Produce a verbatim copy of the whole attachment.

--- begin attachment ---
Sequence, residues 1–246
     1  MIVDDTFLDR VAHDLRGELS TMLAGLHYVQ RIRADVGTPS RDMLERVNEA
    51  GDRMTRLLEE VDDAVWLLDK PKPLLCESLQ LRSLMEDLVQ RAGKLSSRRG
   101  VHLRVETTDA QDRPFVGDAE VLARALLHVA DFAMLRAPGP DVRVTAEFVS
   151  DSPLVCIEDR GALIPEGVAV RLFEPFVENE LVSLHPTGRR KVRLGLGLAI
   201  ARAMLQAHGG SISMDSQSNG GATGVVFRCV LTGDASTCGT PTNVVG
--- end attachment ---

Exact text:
Sequence, residues 1–246
     1  MIVDDTFLDR VAHDLRGELS TMLAGLHYVQ RIRADVGTPS RDMLERVNEA
    51  GDRMTRLLEE VDDAVWLLDK PKPLLCESLQ LRSLMEDLVQ RAGKLSSRRG
   101  VHLRVETTDA QDRPFVGDAE VLARALLHVA DFAMLRAPGP DVRVTAEFVS
   151  DSPLVCIEDR GALIPEGVAV RLFEPFVENE LVSLHPTGRR KVRLGLGLAI
   201  ARAMLQAHGG SISMDSQSNG GATGVVFRCV LTGDASTCGT PTNVVG